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Accepted Paper:

On Digital Resources and Processing Resources in Virtual Space  
John Dulin (Utah Valley University)

Paper short abstract:

This paper explores the difference between digital and processing resources as sources of stratification in the VR Chat platform. They create different dynamics because the value of digital resources is rooted in exchange value, while the value of processing resources is rooted in use-value.

Paper long abstract:

VR Chat enables users to create avatars and traverse worlds in virtual reality. Given how dependent VR Chat is on user-created content, it is an example of what Boellstorff (2008) called “creationist capitalism” (206). However, it has not incorporated blockchain into its platform, so it does not serve as a marketplace for NFTs. Avatars are one source of prestige in VR Chat, and therefore they are a potential source of stratification. Yet avatars can be endlessly copied with the user’s permission. Hence, user permission serves as a gatekeeper of the equal or unequal distribution of digital resources. The ease of copying avatars keeps the desire for exclusivity from generating nascent forms of stratification that center on anything resembling an NFT. I will compare avatar distribution with another, more stable source of stratification in VR chat: processing power. While many worlds can be accessed by users of the low-cost Oculus Quest, the more complex worlds require a higher-powered PC to access. I argue that digital resources and processing resources both provide sources of stratification in virtual worlds, but reflect distinct dynamics due in part to their distinct relationship to the non-virtual material base of users. The value of digital recourses centers mostly on exchange value, while the value of processing resources remains rooted in use-value.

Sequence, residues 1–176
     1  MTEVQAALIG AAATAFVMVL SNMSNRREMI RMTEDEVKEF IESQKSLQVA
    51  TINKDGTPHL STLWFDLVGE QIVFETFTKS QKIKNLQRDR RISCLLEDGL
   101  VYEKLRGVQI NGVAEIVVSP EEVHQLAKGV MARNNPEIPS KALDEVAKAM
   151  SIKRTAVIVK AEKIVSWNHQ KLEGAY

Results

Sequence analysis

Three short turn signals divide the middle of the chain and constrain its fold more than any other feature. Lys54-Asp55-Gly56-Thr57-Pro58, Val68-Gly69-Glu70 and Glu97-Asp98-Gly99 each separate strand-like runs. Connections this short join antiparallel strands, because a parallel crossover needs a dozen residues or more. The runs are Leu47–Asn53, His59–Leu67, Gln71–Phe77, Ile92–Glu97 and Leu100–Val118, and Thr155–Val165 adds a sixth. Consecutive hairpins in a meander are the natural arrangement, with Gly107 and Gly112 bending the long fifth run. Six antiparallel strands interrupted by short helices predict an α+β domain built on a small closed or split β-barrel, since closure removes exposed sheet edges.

Panel P10b
Exclusion by design: technology and the shaping of inequalities
  Session 1 Wednesday 8 June, 2022, -